Quakers came to the Seattle area in the early 1900's, and a group formed in the University community in the 1930's. That group eventually became the University Friends Meeting.
The silent hour is a time of seeking awareness of the Divine — dropping our usual patterns of thought, analysis and worry. We wait patiently for a kind of consciousness which Quakers have traditionally called the Light.
The Light may come as a new insight with regard to oneself, a deep sorrow for mistakes and wrong attitudes, an embrace of life and its joys, a new courage to face life, or power to obey the Light. This is the ministry of silence, of opening ourselves to feel the presence of the Divine Spirit with us and within all of us.
The Light may also lead on to feel he or she has an insight to share with the Meeting. This is vocal ministry, and is offered in the sense and hope that the worship of others may be deepened by this ministry. After such a message, the group should have ample time to truly listen and sink back into silent waiting before the silence is broken again, if at all, during the rest of the Meeting.
There is the ministry of listening, of listening behind the words that are spoken, of holding up those words to the Light, to hear that of God in the speaker.
Because we value the experience of worship so greatly, we want to share it with the children of the Meeting, who join us in the first ten minutes of worship.
At the end of the worship hour, someone will close Meeting with a handshake followed by introductions of newcomers.
Times and locations of Meetings for Worship
Time and place of Monthly Meeting for Business
When a person feels clear that membership is desired, he or she should write a letter to the Clerk of the Oversight Committee stating the desire for membership and why he or she is drawn toward membership. The Oversight Committee will then appoint a visiting committee to meet with the applicant and discuss membership. When the committee feels clear that the applicant understands the principles of the Society of Friends and is seeking to live by them, a recommendation that the applicant become a member will be made to the Monthly Meeting for Business, which will act on the request at the following Meeting.
Friends Center was the orginal Quaker outreach program to University of Washington students that led to the founding of University Friends Meeting in 1937. Its purpose is to build community, reach out to the community, and provide information and a Quaker presence. The Quaker House Committee extends this mission by offering hospitality to travelers.
Travelers are welcome to stay for visits of up to ten nights' duration in one of our two private guest rooms on the ground floor of Quaker House--a beautiful blue 3-story house built in 1904, located just north of the Meeting House--which also houses our QuEST program interns in an apartment on the two upper floors and the Quaker House Resident in a separate apartment on the ground floor. The Resident is available to provide hospitality and information for visitors and a comfortable meeting space for small groups and committees of the Meeting.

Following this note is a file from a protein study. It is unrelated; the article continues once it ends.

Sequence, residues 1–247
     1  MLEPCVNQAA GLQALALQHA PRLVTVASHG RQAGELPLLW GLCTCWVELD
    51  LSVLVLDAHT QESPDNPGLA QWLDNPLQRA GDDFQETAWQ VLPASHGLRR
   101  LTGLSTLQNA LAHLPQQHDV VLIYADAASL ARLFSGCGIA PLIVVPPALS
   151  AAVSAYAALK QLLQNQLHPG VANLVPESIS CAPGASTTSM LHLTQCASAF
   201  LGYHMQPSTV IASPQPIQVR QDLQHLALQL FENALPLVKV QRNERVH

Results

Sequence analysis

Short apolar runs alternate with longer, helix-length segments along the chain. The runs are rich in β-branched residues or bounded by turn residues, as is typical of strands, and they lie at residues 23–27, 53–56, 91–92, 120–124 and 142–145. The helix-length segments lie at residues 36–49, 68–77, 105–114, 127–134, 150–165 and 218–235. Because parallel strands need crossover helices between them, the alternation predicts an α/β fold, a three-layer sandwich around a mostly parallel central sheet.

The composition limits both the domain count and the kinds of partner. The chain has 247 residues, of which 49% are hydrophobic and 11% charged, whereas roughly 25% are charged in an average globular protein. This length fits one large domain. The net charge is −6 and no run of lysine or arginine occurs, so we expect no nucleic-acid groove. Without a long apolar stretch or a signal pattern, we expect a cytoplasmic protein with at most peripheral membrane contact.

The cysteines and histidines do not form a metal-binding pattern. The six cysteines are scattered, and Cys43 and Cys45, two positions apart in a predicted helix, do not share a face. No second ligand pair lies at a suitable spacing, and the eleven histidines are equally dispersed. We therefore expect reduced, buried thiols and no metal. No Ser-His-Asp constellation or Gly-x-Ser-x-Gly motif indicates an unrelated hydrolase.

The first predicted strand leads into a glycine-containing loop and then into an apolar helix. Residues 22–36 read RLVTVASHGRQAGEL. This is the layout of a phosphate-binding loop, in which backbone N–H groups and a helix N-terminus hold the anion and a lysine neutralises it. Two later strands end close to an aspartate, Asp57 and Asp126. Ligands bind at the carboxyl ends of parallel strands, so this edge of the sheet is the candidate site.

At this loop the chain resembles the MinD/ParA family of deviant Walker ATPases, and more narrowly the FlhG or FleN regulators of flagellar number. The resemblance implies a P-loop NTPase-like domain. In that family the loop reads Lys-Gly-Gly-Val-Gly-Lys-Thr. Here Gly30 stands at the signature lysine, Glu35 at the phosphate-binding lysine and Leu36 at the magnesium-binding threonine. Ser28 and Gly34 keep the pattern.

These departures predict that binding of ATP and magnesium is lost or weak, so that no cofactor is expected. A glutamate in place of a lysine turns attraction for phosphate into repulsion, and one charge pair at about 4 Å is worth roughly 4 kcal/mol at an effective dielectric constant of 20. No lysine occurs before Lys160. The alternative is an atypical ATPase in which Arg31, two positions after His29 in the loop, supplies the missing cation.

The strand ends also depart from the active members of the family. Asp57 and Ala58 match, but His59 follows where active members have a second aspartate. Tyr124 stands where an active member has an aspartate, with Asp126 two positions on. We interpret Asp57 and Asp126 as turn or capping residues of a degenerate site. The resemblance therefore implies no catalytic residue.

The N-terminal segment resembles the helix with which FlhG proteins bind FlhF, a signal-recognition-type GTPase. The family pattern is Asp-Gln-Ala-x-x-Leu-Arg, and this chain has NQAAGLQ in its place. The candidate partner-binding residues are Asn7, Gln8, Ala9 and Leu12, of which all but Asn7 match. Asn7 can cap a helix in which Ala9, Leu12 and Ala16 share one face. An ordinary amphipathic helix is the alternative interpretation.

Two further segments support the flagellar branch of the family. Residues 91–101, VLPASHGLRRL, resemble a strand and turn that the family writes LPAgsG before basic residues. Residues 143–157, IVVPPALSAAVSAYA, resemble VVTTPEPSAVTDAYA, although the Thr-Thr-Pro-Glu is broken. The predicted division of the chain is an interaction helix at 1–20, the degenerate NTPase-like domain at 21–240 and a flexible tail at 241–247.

The Quaker House Resident is available to schedule travelers rooms or answer any questions at 206-632-9839 or send e-mail to the Resident. We offer two simple self-service accommodations rooms, one with two twin-size beds and one with one full-size bed. Bedding, towels and toiletries, and tea are provided. The rooms share a separate private entrance to the building. A shared bathroom, phone and answering machine, small fridge, microwave, and tea kettle, and are available to Friends and friends alike by reservation. A nominal donation is requested of those who receive our hospitality to help us maintain this service. Requested donations are $40/night for one person, and $50/night for two people sharing a room.
Friends Center offers a light lunch to the community following 11 a.m. worship on the second and fourth Sundays of each month. They also host picnics, newcomers' potlucks, Thanksgiving and other holiday dinners and a number of other activities to help people get involved in the life of the community.
Locating the Meetinghouse and Quaker House
Contacting the Meeting
Much of the business of the Meeting is carried on by committees. The Oversight Committee and the Committee on Worship and Ministry jointly carry out the pastoral work of the Meeting; membership in the Society of Friends is required in order to be a member of these committees. Both members and attenders are welcomed and needed on the Meeting's other committees.
List of Meeting Committees
Pacific Northwest Quarterly Meeting, along with Montana Quarterly Meeting and Willamette Quarterly Meeting (Oregon), make up North Pacific Yearly Meeting (NPYM). NPYM is not affilated with any national organization of yearly meetings. NPYM meets once a year, usually in July, for fellowship and business. For more information about these and other Quaker organizations see our Links page.
As a yearly meeting we also participate in several large Quaker organizations. These include:
Friends World Committee for Consultation (FWCC)
1506 Race Street, Philadelphia, PA 19102
American Friends Service Committee (AFSC)
814 NE 40th, Seattle, WA 98104
Friends Committee on National Legislation (FCNL)
245 Second Street NE, Washington, DC 20002
Faith and Practice, North Pacific
Friends for 300 Years, Howard Brinton
The Story of Quakerism, Elfrida Vipont
The Journal of George Fox
The Amazing Fact of Quaker Worship, George Forman
Barclay in Brief (pamphlet), Eleanor Mather
Beyond Majority Rule, Michael J. Sheeran
The Journal of John Woolman
You may also be interested in these publications:
Gleamings, UFM Newsletter (to receive Gleamings and weekly bulletins via email please send a request to UFMeeting@gmail.com )